NIE Special Report


Who doesn’t like to eat?

Turn the fun of food into a great science experience to start off the school year using a new science content reading Is there a gene for liking broccoli? and an accompanying activity Taste this!

Click here to view the new material


Complete Sixth Grade
Sustainability Curriculum

Publix Super Markets, Inc. has joined efforts with FPES (Florida Press Educational Services) to bring this program to sixth grade students. This FREE NIE Program will show your sixth grade students how to become responsible members of the planet, and to respect all of the resources that it has to offer.

Downloads:

Flip Chart for Interactive White Boards
Note: Only classrooms with white boards will be able to run this file.

Complete supplement as PDF

Teachers Guide


Lesson plans for use with the e-Edition on Interactive White Boards

Included are basic lessons for an Elementary, Middle and Secondary classroom that can be utilized to introduce Language Arts and Social Studies activities.

Middle School Social Studies Lesson Plan
Middle and High School Language Arts Lesson Plan
High School Social Studies Lesson Plan
Elementary Social Studies Lesson Plan
Elementary and Middle School Language Arts Lesson Plan

USA Weekend Teacher Guides

New Teacher's Guides are available every Monday, complete with monthly themes highlighted in a weekly lesson and a monthly activity sheet.

Click here to download guides from USA Weekend


For Grades 5-8 , week of Aug. 01, 2011

1. Do You Understand?

Knowing how to read words is one thing, but understanding the message of the writer is the true purpose of reading. There are many strategies you can use to help you understand what you are reading. These include: predicting what will happen next; using word decoding skills; checking your own understanding of the story as you read and re-reading parts you don't understand; asking yourself questions about the author's message; evaluating the writing; and being able to summarize the who, what, where, when, why and how of a story. Of all the strategies, the true test of comprehension is being able to tell in your own words what happened in the story. Find an interesting newspaper article and read it carefully. Then write a short summary about the story in your own words.

Learning Standard: Self-monitoring comprehension when reading or listening to text by automatically applying and discussing the strategies used by mature readers to increase comprehension.

2. More Than Just Tiger Woods

August is National Golf Month. Choose a golfer featured in today's newspaper or on the Internet and track his or her scores in each match played this month. At the end of the month create a table and a graph that displays his or her results.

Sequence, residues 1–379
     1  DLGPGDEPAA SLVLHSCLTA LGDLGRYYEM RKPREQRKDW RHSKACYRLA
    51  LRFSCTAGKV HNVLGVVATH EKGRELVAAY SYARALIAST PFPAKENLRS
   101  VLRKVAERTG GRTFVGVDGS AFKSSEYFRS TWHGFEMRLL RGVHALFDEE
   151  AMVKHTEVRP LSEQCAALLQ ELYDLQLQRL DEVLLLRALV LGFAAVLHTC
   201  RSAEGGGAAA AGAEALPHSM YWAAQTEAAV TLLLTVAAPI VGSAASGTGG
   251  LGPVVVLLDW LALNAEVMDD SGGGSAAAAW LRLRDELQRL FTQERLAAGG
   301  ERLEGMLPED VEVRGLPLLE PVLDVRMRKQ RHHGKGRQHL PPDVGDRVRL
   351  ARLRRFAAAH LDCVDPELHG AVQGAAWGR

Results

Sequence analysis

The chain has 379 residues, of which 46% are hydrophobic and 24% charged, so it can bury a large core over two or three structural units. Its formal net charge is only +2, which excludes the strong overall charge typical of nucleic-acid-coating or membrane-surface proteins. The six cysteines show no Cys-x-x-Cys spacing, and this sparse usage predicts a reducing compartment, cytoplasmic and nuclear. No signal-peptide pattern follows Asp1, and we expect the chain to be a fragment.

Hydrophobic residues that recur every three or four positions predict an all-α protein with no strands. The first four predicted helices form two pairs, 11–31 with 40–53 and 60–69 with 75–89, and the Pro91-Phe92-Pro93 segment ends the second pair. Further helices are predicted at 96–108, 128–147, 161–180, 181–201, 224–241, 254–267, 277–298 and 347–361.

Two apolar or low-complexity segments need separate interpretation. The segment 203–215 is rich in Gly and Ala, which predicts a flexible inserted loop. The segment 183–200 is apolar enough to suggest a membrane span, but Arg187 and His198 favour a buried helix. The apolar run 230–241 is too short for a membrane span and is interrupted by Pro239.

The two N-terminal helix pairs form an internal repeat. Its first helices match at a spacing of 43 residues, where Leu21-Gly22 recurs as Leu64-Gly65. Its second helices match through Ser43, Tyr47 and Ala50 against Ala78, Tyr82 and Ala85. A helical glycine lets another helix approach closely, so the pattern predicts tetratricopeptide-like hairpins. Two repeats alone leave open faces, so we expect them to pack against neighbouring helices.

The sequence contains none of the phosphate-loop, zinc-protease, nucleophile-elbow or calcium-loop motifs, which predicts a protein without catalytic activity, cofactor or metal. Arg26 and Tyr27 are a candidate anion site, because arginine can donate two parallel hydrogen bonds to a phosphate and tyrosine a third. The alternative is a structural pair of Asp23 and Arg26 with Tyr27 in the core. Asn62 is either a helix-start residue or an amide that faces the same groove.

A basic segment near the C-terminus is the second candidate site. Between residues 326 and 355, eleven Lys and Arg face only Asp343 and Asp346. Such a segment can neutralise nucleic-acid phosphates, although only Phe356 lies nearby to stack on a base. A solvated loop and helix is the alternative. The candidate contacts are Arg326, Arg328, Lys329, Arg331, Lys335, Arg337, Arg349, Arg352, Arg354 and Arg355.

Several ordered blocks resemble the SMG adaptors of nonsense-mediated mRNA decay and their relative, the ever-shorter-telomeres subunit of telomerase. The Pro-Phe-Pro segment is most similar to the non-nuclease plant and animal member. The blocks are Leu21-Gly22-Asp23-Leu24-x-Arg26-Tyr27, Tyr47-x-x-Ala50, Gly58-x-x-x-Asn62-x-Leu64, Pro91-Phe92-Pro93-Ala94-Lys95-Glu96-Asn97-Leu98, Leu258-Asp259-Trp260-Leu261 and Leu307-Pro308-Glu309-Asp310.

Learning Standards: Acquiring information from books, maps, newspapers, data sets and other sources; organizing and presenting the information; interpreting the meaning and significance of the information; presenting and organizing data in charts, graphs and tables.

3. Smokin' Good Deals

Before you know it, you will have to put away your swim trunks, tank tops and flip flops and start dressing for school. Most parents have a budget for new school clothes each year. At the same time, most kids have a desire to have the latest and greatest fashions for the new school year. Sometimes those two things don't go together. One way to help is to look at the advertisements in the newspaper. Department stores have sales before school starts and advertise them. Sit down with your parents and figure out a clothing budget for the start of school. Then, look in your newspaper for clothing advertisements. Using those ads, find the clothes you would like and write down how much they would cost based on the prices in the ad. Then figure out what they would cost if your state had a 6 percent sales tax on the items. How much would that tax add to the overall price of your school clothes?

Learning Standards: Solving contextual problems involving percentages such as sales tax and tips; using addition, subtraction, multiplication and division to solve problems.

4. Making History

History has many examples of people whose ideas have changed the world. Five-hundred-nineteen years ago Christopher Columbus set out to prove that there was land beyond Europe and discovered the Americas. Seventy-seven years ago, Adolf Hitler became fuhrer of Germany, and his push for ethnic purity led to the deaths of millions of Jewish people and other minorities. Former Vice President Al Gore worked for years to raise awareness about global warming and won both a Nobel Prize and an Academy Award for his work. Look in the newspaper for an article on someone in the news who has made a strong impact on people or a country. Discuss with your family who that person is and the significance of their ideas. Write a paragraph summarizing the person's influence.

Learning Standards: Identifying the role of the individual in history and the significance of one person's ideas; writing fluently for multiple purposes.

5. Wordsmiths

Your teacher hands back your research paper. At the top is written, "Good ideas, but a bit wordy." He or she also could have written "a bit long-winded," "a bit redundant" or "a bit verbose." These are all examples of synonyms for the word "wordy." Using different words that mean the same thing adds interest to writing. Find a newspaper article that interests you. Read it and circle some common words. Fold a piece of paper in half and on one side write the circled words and on the other write synonyms for those word that you know or can find in a thesaurus.

Learning Standards: Understanding and explaining frequently used synonyms, antonyms and homophones; using charts, graphs and organizers to display information.